DON’T BUY IN TO THESE 4 MYTHS
March 15, 2016
Buying in to some common myths about credit and debt can be seriously costly. To help you avoid being misguided into the traps associated with these myths, below, we have debunked some common and costly misconceptions about debt and credit.
Whenever you are ready for specific advice regarding your debt situation – and how to resolve it, simply contact a Denver bankruptcy attorney at Garcia & Gonzales, P.C.
Myth 1 – The best way to avoid credit and debt problems is to not have any credit cards.
Fact – This is not necessarily true. While not having credit cards may be helpful when it comes to not overspending, maintaining credit cards in the right way is one pivotal way of establishing good credit.
Additionally, it’s important to remember that credit card debt is not the only type of debt that can be accumulated (mortgage debt, medical bill debt, tax debt and student loan debt are just a handful of examples of other types of debt that can be racked up). So, not having credit cards does not necessarily mean that you will avoid accumulating debt; it does, however, generally mean that you are limiting your options for building and maintaining good credit.
Myth 2 – Carrying a balance on my credit cards can boost my credit score.
Fact – Wrong! Carrying a balance on credit cards month to month will hurt your credit. Generally, it’s advised that, when possible, credit card balances are paid in full (each month) to work towards optimal credit.
Myth 3 – There’s nothing I can do when creditors threaten to sue me or garnish my wages due to unpaid debt.
Fact – Wrong again! If creditors are contacting you and threatening to take action against you (like by suing you, garnishing your wages, repossessing assets and/or foreclosing on your home), you may have a few options for halting these actions and maintaining the asset(s) in question.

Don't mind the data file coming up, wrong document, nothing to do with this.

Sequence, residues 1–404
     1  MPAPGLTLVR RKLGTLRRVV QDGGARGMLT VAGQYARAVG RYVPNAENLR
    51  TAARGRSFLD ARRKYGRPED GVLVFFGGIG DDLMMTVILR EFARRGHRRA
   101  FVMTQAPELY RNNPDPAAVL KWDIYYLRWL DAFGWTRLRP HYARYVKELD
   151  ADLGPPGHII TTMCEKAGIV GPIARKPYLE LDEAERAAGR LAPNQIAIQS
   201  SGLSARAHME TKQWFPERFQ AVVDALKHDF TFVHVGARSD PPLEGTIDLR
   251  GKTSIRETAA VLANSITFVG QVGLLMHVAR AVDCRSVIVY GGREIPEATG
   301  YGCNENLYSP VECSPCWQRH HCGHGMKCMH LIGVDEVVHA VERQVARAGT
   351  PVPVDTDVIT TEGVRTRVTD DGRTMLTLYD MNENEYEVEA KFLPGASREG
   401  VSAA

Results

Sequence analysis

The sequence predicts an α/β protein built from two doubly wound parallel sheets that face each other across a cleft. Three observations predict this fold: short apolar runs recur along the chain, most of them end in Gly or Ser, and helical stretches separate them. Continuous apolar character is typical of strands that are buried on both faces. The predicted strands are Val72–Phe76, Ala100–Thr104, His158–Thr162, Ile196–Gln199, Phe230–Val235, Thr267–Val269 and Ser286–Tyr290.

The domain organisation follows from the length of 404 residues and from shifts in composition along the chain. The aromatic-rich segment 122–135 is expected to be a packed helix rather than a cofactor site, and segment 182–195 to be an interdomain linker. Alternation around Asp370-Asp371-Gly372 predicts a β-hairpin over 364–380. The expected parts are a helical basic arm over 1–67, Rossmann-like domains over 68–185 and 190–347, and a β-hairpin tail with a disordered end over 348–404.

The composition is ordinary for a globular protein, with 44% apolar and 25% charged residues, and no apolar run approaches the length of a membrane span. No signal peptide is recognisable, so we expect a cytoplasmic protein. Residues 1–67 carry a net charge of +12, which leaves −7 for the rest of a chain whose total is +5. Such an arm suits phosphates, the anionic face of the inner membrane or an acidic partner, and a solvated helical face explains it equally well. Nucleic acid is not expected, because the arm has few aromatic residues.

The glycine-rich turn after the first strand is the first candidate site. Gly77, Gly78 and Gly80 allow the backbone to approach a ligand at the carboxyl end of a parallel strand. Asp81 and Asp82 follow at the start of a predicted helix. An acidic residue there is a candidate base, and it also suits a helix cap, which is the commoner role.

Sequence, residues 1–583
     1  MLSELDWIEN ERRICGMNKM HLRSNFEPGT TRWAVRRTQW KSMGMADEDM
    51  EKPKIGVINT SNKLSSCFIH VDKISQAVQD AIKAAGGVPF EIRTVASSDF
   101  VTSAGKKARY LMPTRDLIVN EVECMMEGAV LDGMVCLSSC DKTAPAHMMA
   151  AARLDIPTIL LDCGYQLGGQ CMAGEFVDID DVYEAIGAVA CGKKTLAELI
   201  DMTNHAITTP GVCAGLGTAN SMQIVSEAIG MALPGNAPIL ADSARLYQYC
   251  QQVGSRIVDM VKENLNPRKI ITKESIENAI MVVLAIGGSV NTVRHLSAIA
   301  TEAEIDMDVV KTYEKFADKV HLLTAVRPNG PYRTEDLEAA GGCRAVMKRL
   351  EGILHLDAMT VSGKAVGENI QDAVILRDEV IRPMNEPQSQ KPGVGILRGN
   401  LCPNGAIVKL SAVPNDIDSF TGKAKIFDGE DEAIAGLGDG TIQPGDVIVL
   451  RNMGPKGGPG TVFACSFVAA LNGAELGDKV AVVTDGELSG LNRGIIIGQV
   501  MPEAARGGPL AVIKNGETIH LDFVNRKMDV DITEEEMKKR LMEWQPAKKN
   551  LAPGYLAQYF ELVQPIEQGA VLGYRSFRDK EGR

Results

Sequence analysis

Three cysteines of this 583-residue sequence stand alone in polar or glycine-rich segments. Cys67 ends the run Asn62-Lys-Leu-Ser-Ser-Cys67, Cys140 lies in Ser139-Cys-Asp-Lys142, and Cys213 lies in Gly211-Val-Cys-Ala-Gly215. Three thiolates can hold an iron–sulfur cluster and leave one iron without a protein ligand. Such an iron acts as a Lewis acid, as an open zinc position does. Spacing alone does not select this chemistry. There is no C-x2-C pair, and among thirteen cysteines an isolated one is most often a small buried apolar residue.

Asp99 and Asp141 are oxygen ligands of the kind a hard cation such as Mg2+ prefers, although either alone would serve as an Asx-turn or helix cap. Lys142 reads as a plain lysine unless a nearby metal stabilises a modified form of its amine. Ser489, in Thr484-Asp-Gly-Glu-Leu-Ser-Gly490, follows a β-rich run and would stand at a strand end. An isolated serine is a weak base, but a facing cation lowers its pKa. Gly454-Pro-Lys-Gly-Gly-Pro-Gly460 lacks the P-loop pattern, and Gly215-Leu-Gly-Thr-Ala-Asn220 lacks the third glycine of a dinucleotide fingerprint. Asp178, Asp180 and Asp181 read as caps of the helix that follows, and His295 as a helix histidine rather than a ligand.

For example, one option can be to file for bankruptcy, which will immediately stop creditors from moving forward with punitive actions. That’s because, when someone files for bankruptcy, an automatic stay takes effect. The automatic stay is essentially a court order that halts any planned or impending actions against debtors while the figure out how to resolve serious debt issues.
One reason for this court order is to prevent any one creditor from coming in and taking all or the majority of assets (leaving nothing or minimal assets for other creditors owed money).
Myth 4 – If I know I’m going to file for bankruptcy, it’s OK for me to run up charges on my credit cards (because that debt will eventually be discharged).
Fact – Not true! If you know that you will be filing for bankruptcy, running up charges on your credit card can constitute fraud. This is because credit card companies can argue that you had no intention of ever repaying the debt (because you were operating under the assumption that debt would be discharged via your future bankruptcy case).
If the court agrees that fraud was committed, what will likely occur is that:
The debt will not be eligible to be discharged.
The entire bankruptcy case can be dismissed.
Formal criminal fraud charges may be filed.
Need More Answers & Advice Regarding Your Debt Issues? Contact a Denver Bankruptcy Attorney at Garcia & Gonzales, P.C.
Are you looking for real relief from serious debt? If so, you can trust the experienced Denver bankruptcy attorney at Garcia & Gonzales, P.C. to provide you with experienced help and honest answers about your best debt relief options.
Contact us today by calling or by emailing us using the contact form at the bottom of this page. When you contact us, you will communicate directly with one of our attorneys, not a paralegal or legal assistant. We welcome Spanish-speaking individuals to contact us also – hablamos Español.